When Tarzan tracks the boy’s scent all the across the city, to where the boy was held, they only find the kid’s dead dad. As it turns out the father was in on it – he had some major gambling debts – and all the family money belongs to the wife. The police procedural element of this episode is pretty thin and generic – and been used at least a half a dozen times on Law & Order – but the Tarzan tracking stuff is beyond stupid. That he could track Jane across Manhattan I chocked up to them having some kind of psychic bond, but now we see him sniff the child’s teddy bear and somehow this allows him to track the scent through a concrete jungle. Tarzan in the book was an excellent tracker – he could totally track a hawk on a cloudy day – but the idea of him being able to follow a scent through New York City is ridiculous. Even if the smog and millions of other wonderful smells of the city didn’t drown out this one particular scent it would still rely on the kidnappers dragging the child from abduction scene to their hideout by foot. Or is Tarzan also capable of tracking a panel van through the city?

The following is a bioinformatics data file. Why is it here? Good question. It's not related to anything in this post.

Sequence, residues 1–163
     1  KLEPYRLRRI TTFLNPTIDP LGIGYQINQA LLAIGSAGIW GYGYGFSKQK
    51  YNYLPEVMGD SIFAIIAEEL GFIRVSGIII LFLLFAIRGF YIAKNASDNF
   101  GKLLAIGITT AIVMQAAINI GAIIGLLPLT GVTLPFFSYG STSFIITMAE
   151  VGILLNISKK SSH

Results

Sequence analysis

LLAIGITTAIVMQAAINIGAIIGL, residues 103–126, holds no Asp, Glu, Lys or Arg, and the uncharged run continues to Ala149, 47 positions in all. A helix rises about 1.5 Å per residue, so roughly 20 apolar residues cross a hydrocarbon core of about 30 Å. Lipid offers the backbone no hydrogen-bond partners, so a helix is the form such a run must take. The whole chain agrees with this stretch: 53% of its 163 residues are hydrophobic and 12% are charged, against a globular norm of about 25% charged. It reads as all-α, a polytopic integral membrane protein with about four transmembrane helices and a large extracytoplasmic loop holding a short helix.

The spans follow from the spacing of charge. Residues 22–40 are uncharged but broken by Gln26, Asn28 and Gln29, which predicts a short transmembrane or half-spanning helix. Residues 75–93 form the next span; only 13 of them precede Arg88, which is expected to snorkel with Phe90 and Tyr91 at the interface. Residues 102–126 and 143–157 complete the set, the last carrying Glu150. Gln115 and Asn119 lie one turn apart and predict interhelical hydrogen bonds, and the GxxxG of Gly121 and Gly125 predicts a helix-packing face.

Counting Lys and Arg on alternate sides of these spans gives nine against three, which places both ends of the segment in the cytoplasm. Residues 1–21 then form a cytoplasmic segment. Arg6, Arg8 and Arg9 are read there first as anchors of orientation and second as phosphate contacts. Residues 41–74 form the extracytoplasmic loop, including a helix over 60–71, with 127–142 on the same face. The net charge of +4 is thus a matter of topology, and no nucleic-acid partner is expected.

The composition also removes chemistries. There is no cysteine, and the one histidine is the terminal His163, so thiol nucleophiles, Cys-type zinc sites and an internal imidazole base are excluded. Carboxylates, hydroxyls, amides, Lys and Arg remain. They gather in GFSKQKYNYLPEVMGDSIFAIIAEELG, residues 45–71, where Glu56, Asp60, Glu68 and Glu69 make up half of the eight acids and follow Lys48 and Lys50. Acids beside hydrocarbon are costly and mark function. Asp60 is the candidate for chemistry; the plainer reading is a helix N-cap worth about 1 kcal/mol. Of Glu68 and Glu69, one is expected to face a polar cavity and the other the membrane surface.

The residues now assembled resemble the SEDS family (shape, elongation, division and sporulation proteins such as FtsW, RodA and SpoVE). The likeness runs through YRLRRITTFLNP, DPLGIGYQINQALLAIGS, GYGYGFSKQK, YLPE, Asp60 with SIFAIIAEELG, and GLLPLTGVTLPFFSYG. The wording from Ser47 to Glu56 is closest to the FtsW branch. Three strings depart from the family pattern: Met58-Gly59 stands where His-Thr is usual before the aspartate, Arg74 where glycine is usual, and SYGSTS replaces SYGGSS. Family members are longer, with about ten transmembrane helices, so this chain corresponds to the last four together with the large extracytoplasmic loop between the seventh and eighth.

When Jane’s partner asks how she was able to find this location she responds with, “I followed some leads” – which doesn’t really fly, mainly because she has no “leads” to back up such a stupid statement, and also Sullivan isn’t a complete idiot. The only person who could possibly have tracked that kid down would be Tarzan, and when he interviewed the prep school thrill junkies, from the last episode, they described being beaten up by a guy with long hair and bare feet. So Sullivan knows that Tarzan is alive, and that Jane has been lying to him, and also that this Tarzan bloke is somehow responsible for Foster’s death. She asks Sullivan to trust her but he tells her, “I will not lie for you.”